A few months ago, Osmosis Online interviewed Joseph Rivera, an honest-to-gosh coffee scientist. It served as a good reminder that science is pretty damned cool.
Of course, science is hardly limited to coffee.
Dr. Carlos W. Nossa is now at Rice University after working on a postdoctoral fellowship at New York University School of Medicine’s division of Infectious Disease.
Dr. Nossa characterizes his work as “part of a big nationwide push to characterize what is known as the human microbiome.” What’s a microbiome, you ask? According to Dr. Nossa, the human microbiome is the collective population of microorganisms (such as bacteria, fungi, and viruses) living in and on the human body.
“The project,” he explained, “is divided up by anatomical sites.” He said that about a dozen grants were awarded for this research.
There is “big money involved,” he continued, “it’s like a ‘golden age’ of microbiome research right now because of some new technologies that made it feasible to do these types of studies. The anatomical sites are skin, mouth, esophagus (my group’s focus), stomach, intestines, lungs, urogenital tract, and reproductive organs.”
“It’s really competitive out there for these grants,” he said.
Dr. Nossa took some time out of his busy schedule to discuss microbiology, the life of a scientist/researcher, and how he ended up doing what he does.
Osmosis Online: So, to start off — what exactly is your position?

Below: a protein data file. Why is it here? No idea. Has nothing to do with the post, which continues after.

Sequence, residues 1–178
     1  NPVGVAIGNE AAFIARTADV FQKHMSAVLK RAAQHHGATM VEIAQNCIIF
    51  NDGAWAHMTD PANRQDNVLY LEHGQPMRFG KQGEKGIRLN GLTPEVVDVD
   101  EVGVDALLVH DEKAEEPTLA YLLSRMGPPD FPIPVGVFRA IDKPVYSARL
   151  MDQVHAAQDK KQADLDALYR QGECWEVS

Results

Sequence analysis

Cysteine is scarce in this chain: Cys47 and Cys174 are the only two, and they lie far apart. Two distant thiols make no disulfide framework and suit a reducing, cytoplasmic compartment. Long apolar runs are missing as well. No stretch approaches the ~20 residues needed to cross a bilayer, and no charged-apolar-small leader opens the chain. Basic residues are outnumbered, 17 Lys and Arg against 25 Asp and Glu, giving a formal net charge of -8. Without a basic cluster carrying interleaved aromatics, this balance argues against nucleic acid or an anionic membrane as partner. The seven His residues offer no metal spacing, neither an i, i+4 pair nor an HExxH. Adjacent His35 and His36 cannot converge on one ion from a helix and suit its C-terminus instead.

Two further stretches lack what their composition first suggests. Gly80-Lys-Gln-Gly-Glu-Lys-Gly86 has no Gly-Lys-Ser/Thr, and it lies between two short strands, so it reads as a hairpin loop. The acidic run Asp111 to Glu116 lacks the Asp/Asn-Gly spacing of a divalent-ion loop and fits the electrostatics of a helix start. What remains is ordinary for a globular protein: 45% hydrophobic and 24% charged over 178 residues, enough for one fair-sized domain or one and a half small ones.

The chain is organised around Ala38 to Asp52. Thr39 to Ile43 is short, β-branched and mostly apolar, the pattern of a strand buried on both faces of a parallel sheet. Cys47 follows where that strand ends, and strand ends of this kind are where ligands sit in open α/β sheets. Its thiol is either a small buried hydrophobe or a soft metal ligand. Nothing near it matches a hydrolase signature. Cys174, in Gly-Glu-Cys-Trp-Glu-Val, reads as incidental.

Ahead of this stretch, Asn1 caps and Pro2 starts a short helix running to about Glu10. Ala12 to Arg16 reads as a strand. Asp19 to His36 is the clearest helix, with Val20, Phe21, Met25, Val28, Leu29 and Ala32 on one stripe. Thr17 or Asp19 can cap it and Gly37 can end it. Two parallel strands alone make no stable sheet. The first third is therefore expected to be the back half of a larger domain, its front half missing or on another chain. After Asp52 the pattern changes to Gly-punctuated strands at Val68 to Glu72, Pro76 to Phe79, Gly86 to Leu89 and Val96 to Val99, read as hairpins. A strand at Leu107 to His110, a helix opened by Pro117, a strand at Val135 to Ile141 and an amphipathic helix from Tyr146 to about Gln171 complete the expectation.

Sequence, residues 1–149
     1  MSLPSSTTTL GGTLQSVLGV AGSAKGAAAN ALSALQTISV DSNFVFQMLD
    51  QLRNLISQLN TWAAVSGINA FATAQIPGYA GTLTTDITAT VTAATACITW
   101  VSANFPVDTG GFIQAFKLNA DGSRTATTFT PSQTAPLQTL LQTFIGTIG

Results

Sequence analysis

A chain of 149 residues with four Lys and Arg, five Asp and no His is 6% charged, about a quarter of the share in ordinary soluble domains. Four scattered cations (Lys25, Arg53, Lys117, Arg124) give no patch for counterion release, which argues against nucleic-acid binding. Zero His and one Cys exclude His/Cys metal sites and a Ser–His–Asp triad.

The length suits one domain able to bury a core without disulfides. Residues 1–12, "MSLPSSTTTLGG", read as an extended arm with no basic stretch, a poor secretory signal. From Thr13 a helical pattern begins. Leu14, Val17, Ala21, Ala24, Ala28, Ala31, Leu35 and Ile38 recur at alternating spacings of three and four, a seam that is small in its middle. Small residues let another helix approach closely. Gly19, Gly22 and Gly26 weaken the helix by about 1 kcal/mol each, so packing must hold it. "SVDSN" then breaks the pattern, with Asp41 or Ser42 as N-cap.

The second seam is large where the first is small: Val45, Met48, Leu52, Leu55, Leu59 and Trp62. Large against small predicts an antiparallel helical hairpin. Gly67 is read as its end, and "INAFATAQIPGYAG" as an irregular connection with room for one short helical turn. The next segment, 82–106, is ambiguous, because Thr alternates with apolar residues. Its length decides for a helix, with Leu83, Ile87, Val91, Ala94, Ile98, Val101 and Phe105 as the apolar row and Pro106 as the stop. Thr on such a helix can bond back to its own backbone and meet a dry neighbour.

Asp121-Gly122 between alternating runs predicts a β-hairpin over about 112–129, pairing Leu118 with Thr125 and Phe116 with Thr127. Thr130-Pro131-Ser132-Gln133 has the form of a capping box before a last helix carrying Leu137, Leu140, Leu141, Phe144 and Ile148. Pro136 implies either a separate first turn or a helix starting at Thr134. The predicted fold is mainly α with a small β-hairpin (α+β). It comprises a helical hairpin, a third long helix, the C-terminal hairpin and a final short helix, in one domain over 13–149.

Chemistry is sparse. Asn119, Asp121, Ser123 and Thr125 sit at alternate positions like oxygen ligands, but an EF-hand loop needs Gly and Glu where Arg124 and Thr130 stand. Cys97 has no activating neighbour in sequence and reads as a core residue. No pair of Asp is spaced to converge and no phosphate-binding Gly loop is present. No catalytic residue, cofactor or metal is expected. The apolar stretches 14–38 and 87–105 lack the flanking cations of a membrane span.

Carlos Nossa: I am a postdoctoral researcher – its the purgatorial position bridging an academic’s career between graduate student and professor.
CN: On a day-to-day basis I perform experiments, analyze data from said experiments, and manage day-to-day affairs of the laboratory. A good chunk of my time is also spent writing — manuscripts for publication in peer review journals as well as grants for funding. Some semesters I teach classes, but I’m taking a break from that this year.
CN: My BS is in biology and my Phd is in biochemistry. I went into college in fall ’93 and got out fall ’06. In a sense I am still in school; since the time I graduated, I have worked in three different universities.
All that schooling was essential for the whole process, not just learning the fundamentals of the science, but also learning how to design your own hypotheses and experiments, which you can really only do by experience and multiple failures. Plus it’s a continuing education type deal, as new technologies make the previous ones obsolete in quick time, so you have to constantly be learning new things and keeping up with current research at a quick pace if you want to keep up.
OO: Recently, you had a hand in the paper/study ““Design of 16S rRNA gene primers for 454-pyrosequencing of human foregut microbiome”,” which you said was accepted into “is due to appear in the World Journal of Gastroenterology.” Is there a way to simply break down that study for morons like me? Is there (or will there eventually be) a practical application of the principles in